3. D. In the underlined section the author introduces the idea of visual light. In the second stanza he builds on this image of a single ray of light by describing the emerging “sunbeam’s glorious shining” and “the light of perfect day.” In this way, the light represents a visual image of the hope bursting through dark clouds of sadness. This makes option (D) the best answer. The other answer options do not appropriately understand that the visual light represents hope and that it grows to a sunburst in stanza 2.
  4. A. The opening lines of this poem tells the author’s “good-wife” that he has “been to the old farm house… where you and I were wed”. He is telling her he has gone back to where their marriage started. The end of this first stanza sheds light on the current status of their relationship “we forged our vows… to be broken soon.” Their marriage vows, and thus their relationship, are broken. This makes option (A) the best answer. We have no evidence of a future argument, so option (B) is incorrect. The author knows that his marriage is over, but does not try to say that all marriages are pointless, making option (C) incorrect. There is no evidence that the wife is dead, just that they are separated, making option (D) incorrect.
  5. A. The underlined portion describes his heart “bursting free” from “the prayer with which ‘twas laden” thereafter the man spills his heart to the girl and asks her to stay with him forever. These words of his are from his heart. This makes (A) the best option. The underlined portion explains the source of his ardent outburst. Option (B) is incorrect as his heart is not literally bursting, but figuratively bursting. Option (C) is incorrect as there is no religious undertones to the underlined section. Option (D) is incorrect as the underlined portion describes the source of his words, not her eyes.
  6. C. To be introspective is to think about one’s self and one’s own thoughts and emotions. Answer option (C) is the only answer that gives us a glimpse into the author’s mind to support the teacher’s claim that the author is “introspective”. Answer (A) describes the author’s belief about flowers. Answer (B) and (D) simply describe events that happen.
  7. D. This poem describes what happens to men thrown into a dungeon. The author describes the mental effects of being imprisoned in a very negative way saying things like that the prisoner’s soul is “hopelessly deformed” and that his energy turns inward “till changed to poison”. This makes option (D) the best answer. The author is shedding negative light on how the world deals with the problem of crime. Answer option (A) is incorrect as the poem is not from the point of view of a jailor. Answer (B) is incorrect as a dungeon is not a solution to but rather a punishment for crime. Answer (C) is incorrect as the author does not question the worth of humanity in general, but rather the worth of the dungeon itself.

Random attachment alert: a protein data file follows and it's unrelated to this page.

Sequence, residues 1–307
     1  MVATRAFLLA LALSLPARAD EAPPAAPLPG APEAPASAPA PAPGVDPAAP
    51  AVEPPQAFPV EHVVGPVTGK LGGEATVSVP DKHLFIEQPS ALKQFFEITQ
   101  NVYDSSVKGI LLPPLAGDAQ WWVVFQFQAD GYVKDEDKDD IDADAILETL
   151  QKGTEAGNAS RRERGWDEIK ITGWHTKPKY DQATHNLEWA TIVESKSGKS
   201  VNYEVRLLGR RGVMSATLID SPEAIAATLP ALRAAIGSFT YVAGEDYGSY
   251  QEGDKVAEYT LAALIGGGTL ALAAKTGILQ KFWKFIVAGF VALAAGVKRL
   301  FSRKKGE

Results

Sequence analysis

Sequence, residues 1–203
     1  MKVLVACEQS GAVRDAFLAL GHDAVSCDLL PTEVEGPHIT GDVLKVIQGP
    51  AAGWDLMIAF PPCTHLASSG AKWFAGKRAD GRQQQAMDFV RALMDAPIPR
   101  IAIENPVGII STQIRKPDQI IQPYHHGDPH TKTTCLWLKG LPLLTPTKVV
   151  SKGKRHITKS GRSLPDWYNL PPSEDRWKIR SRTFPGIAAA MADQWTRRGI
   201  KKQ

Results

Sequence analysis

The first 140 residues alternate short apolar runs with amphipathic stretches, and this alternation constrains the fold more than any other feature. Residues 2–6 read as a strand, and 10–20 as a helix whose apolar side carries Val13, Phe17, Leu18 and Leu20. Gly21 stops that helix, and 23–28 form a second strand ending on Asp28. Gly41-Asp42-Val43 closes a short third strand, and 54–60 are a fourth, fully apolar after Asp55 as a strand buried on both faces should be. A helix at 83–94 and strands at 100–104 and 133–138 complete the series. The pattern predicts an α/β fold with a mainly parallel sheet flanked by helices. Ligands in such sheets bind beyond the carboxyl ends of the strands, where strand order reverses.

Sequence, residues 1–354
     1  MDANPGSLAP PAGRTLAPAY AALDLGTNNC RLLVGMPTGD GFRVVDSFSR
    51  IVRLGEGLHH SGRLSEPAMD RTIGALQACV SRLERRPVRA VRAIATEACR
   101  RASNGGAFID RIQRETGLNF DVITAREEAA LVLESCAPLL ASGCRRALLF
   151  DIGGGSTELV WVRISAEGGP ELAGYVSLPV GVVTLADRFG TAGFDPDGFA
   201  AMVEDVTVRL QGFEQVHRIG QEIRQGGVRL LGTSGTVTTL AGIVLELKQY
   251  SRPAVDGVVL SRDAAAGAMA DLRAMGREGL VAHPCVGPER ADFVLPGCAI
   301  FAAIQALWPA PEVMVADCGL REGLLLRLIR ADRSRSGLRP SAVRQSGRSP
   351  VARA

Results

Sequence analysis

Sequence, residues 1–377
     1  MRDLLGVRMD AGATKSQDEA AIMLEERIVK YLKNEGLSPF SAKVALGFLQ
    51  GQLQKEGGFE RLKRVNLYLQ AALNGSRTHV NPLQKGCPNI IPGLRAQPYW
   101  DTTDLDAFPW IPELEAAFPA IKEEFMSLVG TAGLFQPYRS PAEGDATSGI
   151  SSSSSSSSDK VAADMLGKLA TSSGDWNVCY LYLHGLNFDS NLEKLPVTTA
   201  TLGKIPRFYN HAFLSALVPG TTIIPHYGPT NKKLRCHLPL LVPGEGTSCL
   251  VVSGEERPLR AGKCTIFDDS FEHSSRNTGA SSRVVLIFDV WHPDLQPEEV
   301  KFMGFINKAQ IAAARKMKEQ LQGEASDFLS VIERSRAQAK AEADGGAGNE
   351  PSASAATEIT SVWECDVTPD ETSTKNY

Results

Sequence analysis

8. B. The underlined section, when paraphrased in modern English, would be something like “do you ever think in the middle of all this craziness that we just have to keep going and going even though we’re not going to get anywhere?” This is equivalent to asking if life has any meaning, a deeply philosophical question. This makes answer (B) the best option. This questions the purpose of “seeking”, not of the author, so answer option (A) is incorrect. Answer option (C) is incorrect as we have no evidence that the author is particularly passionate about this topic. Answer option (D) is incorrect as the underlined passage may build on a previous statement, but it does not explain it.
  9. C. The question is asking for evidence that the man feels great peace. Answer option (A) describes a situation in which it would make sense to have little or no peace. Answer option (B) describes the man as having no pain, which is not the same as being at great peace. Answer option (D) says that the young envy him, but that does not necessarily mean they envy any great peace he might have. This leaves option (C) in which the man is described as having forgotten any and all effort, who has so mild a personality that he needs no patience, and who is led by nature. This gives the best evidence that the man is at peace.
  10. A. The first two lines of this short poem ask why the reader calls poets lonely. The second two lines responds to the question, explaining that poets are not lonely, but rather see hidden faces where we cannot. This makes answer option (A) the best solution.